The Muralist

The Muralist

I really enjoyed The Art Forger in 2015, even though it looks like I never took time to review it. So I requested The Muralist on Netgalley shortly after, and finally read it… last February! High time to review it!!
Not sure why this procrastination, as I really enjoyed both books of the author. They are both historical mysteries based on art, totally my alley.

 

One day in 2015, while cleaning her attic, Danielle discovers a cardboard containing a dozen paintings, apparently by Abstract Expressionists, possibly going back to the early 1940s and connected to the art division of the Works Progress Administration, one of Roosevelt’s New Deal employment programs.

She wonders if they could be by famous painters Rothko and Krasner.
Besides, smaller canvas are hidden in the back of the large ones, and they seem to be in the style of her mysterious great-aunt Alizée: according to family legend, Alizée, a talented painter, worked for the WPA, but she was mentally sick and sent to a mental institution. Then she disappeared under shadowy circumstances in 1940.

Danielle (herself a former painter) sets to discover if these paintings are really her aunt’s and if they could shed light on her sudden disappearance.

Chapters alternate between Danielle in 2015, in first person narrative, and her aunt Alizée in 1939, in third person.

Alizée paints in a warehouse in New York. She’d recently returned to the States after seven years in France. Her family is Jewish. Her parents are dead, but she still has a brother and cousins in France. However, she wanted to come to New York to practice abstract art, far from the constraints of Hitler.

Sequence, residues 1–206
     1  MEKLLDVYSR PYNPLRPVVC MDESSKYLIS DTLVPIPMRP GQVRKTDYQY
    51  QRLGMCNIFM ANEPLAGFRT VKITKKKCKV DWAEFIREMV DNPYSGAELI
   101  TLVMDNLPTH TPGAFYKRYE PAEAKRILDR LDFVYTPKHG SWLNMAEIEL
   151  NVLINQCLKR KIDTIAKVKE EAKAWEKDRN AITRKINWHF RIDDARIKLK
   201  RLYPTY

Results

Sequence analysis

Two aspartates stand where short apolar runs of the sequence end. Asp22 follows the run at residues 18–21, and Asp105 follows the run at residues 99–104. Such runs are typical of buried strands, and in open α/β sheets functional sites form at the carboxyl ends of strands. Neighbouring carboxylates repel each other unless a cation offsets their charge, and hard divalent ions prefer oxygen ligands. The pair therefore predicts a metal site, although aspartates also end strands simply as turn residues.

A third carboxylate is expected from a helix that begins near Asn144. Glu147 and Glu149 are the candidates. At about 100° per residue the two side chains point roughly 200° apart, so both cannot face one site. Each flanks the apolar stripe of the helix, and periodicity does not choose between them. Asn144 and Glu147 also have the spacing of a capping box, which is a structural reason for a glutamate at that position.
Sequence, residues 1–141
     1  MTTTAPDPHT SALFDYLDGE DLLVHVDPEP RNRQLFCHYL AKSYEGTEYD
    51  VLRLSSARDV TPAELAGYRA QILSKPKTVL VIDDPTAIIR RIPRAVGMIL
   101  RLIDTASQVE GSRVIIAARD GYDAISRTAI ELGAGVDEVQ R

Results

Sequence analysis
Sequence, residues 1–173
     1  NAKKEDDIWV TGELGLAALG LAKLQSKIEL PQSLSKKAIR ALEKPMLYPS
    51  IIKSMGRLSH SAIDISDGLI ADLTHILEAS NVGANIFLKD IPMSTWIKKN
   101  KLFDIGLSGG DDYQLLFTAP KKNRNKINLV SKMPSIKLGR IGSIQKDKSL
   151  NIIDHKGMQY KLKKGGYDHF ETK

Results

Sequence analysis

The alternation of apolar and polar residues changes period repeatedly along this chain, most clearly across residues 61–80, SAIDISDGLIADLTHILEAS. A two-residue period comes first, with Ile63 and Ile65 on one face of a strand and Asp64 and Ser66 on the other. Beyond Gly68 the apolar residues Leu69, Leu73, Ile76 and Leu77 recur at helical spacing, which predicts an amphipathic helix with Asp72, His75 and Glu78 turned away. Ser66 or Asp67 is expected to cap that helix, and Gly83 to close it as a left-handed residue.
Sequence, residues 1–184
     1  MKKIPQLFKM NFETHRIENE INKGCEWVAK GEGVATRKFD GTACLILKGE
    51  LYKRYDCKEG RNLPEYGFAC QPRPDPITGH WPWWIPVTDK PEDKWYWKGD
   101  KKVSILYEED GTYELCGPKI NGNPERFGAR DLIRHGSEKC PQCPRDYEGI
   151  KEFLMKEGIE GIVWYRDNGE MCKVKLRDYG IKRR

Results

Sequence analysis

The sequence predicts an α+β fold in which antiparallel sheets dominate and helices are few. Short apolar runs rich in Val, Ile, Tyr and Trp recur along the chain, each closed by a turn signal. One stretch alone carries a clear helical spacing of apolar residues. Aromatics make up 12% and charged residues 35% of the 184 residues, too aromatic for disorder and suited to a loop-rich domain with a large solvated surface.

As Hitler’s power grows, Alizé tries all she can to help the rest of her family come to the US as well.

I really enjoyed all that pertained to art and painting in this book, including the neat work details on how to date a painting.

There are fascinating debates on figurative vs. abstract art, for instance in a scene with Eleanor Roosevelt visiting Alizée’s workshop. The artist explains what abstract art is:

It goes deep. Much deeper than just a picture of what we can already see. It’s not easy to make sense of—or to paint—but when you do, there’s nothing like it. It’s magical, really. Interpreting what’s going on inside.

Real paintings are described, e.g. Guernica by Picasso, and Bryant Square by John Marin, and it was fun looking on Google what they looked like when I was not familiar with them.

And the historical background was well presented, with the rise of Nazism and the existence of organizations in the US trying to make people aware of what was going on and trying to help the Jews.

It was also quite enlightening on what Long, the infamous Assistant Secretary for immigration was doing, in violation of the Congress, not allowing the regular number of Jews to enter the U.S.
I actually read these passages the same week-end when the American president launched a ban on refugees from certain countries. We never learn from history…

VERDICT: Great mix of art and history. Will delight lovers of historical mysteries as well as artists.

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Author: B. A. Shapiro
Publication: November 2015
Pages: 352
Genre: Historical mystery / art / WWII

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In full compliance with FTC Guidelines,
I received this ebook for free through Netgalley in exchange for a fair and honest review.
I was in no way compensated for this post as a reviewer, and the thoughts are my own.

 

 

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